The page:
The GovSec show, which is coupled with a conference for law enforcement and one for emergency preparedness professionals, is a place where you can see a variety of heavy technologies, from tactical security systems designed for military installations to hazmat equipment and even essential access control devices.
But in 2006, we're sure that for government facility security managers, at least a good bit of the time will be spent listening to presentations on the HSPD-12/FIPS 201 issues that are leading government facilities into converged access control with a "one card" solution.
And even though the show hasn't started, we can already imagine the frank discussions among those in charge of government facilities as they come to grips with the HSPD-12 directive of converged access.
"What technology are you looking at?" "Are we going to have to change all of our card systems?" "Have you even started to coordinate this with your network people?" "Where on Earth are we expected to get the budget money to make these changes?" -- They are all questions that will likely pop up between security managers on the show floor and in the lecture halls.
At is most simple, the FIPS 201/HSPD-12 directive and movement is designed to ensure security not only of our governmental facilities, but also of the data that resides in our government's logical network. It's a directive that not only requires a common credential for facilities and networks, but it's designed to ensure that only the people who belong to be inside those facilities can get there, and that only the persons given privileges to be on that network can be there.
Lenel, long known for its software that manages access control and video surveillance needs, is planning to make a splash tomorrow at GovSec with a new solution that ties together the essentials for providing a secure government ID card.
The company gave SecurityInfoWatch.com a sneak-peek at its new IdentityDefender brand, which is an end-to-end identity credentialing solution designed to meet FIPS 201 requirements for government facilities.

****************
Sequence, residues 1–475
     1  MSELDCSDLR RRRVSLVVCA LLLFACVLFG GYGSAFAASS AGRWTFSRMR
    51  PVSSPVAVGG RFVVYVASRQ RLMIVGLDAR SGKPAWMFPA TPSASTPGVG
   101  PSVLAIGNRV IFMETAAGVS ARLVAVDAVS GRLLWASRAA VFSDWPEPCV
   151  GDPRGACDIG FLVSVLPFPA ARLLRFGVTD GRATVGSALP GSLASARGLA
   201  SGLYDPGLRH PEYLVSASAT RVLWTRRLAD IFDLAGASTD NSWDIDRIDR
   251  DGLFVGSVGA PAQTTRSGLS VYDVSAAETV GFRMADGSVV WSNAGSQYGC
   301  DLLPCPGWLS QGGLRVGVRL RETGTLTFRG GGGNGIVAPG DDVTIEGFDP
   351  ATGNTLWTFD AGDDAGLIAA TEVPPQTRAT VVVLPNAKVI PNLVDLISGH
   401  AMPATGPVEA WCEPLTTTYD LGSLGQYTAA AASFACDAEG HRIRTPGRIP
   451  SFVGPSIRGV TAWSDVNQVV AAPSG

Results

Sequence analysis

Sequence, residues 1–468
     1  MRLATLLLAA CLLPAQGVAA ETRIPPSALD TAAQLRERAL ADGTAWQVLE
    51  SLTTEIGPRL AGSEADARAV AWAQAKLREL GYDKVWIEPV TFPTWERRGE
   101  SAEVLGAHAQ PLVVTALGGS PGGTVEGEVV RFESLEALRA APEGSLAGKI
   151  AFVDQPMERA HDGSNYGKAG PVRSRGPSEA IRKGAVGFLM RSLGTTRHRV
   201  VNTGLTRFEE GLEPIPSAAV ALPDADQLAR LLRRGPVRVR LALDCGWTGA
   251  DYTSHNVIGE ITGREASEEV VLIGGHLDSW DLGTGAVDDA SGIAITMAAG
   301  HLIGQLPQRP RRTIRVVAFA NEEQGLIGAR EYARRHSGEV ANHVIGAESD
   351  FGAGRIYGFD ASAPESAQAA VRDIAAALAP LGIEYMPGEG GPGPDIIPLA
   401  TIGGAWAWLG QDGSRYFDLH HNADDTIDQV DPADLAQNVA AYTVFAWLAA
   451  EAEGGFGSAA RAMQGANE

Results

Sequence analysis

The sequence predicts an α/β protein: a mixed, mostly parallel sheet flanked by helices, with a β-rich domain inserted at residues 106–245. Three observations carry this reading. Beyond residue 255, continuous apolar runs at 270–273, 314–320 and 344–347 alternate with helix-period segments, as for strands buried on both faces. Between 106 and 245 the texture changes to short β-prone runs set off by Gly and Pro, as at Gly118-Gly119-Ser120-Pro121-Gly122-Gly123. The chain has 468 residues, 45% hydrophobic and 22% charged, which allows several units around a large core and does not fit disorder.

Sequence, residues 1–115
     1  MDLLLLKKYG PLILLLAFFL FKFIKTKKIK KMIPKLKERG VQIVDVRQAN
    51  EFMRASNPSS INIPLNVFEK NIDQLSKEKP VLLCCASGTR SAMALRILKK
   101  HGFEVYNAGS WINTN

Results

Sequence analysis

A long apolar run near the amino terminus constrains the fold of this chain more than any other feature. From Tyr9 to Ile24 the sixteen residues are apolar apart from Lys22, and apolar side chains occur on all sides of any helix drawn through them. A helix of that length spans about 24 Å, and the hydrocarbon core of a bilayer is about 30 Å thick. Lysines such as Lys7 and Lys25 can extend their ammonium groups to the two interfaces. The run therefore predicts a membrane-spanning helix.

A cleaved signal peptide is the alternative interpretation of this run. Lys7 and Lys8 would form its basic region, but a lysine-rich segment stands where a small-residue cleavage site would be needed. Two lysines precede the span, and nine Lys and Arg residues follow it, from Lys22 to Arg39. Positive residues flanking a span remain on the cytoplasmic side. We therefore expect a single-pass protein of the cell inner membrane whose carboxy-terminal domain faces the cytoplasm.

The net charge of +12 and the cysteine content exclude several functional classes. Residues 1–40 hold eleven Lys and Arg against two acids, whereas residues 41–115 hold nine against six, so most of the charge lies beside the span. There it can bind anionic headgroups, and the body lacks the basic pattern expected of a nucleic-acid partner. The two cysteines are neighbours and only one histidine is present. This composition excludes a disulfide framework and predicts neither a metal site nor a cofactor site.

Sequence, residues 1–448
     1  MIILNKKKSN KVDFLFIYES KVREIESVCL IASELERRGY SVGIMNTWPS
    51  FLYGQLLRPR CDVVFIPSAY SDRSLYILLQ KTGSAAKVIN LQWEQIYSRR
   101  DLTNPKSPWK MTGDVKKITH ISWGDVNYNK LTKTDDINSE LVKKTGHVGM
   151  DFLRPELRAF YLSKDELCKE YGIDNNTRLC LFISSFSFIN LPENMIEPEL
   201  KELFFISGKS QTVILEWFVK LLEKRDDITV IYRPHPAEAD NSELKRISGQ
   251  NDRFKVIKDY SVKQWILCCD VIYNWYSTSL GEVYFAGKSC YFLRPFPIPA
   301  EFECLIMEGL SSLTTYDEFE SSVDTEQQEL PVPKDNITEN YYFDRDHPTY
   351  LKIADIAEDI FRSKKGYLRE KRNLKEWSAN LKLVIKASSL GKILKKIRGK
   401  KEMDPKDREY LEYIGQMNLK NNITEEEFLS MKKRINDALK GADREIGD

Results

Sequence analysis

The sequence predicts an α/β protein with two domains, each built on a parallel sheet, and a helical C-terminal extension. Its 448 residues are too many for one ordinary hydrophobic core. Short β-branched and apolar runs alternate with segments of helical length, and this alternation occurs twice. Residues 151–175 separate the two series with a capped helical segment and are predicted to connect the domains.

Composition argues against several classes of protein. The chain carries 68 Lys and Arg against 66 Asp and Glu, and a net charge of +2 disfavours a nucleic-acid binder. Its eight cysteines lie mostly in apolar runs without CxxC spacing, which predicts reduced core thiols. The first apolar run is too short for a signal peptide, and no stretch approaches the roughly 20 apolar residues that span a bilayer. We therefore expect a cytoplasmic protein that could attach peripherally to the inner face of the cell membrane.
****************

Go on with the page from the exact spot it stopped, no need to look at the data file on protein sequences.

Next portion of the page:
According to Erik Larsen, product manager of identity solutions at Lenel, the new system is a step away from the company's traditional access control and video management solutions, and instead solves the problem of how government facilities will meet federal requirements that ensure that the correct information is on the card, that the correct person is receiving a federal workplace ID, and that the card meets those government standards.
"IdentityDefender is more than a physical access control system," explains Larsen. "It's a platform that allows an organization to issue credentials, a.k.a. badges, in a secure manner."
Larsen explained how the IdentityDefender system works. Here's what it is and what it does:
The core of IdentityDefender is the IdentityDirector module. It's a server application that manages how applicant data is collected, who is collecting it, how it is processed, signed and verified, and how a credential/card is finally issued and validated. Running on a Windows platform, the IdentityDirector module is the "glue" of the card issuance process, and communicates the standards and data back in forth in a secure and automated manner.
To start the process of a FIPS 201-compliant card issuance, it communicates with another module, the IdentityCollector, which is a web-based module that oversees the processes of acquiring the information that FIPS 201 specifies. In common Lenel fashion, it's designed with an open architecture in mind, so that it can link up with common biometric and data collection hardware items for inputting the information. The web-based format makes it especially friendly for remote offices.
"It tells the sponsor employer and the applicant what is required, the required biometrics, the required documents," says Larsen, "and this software automates a secure collection of that data. The key with IdentityCollector is that the operator or sponsor of the employee doesn't have to make the decisions."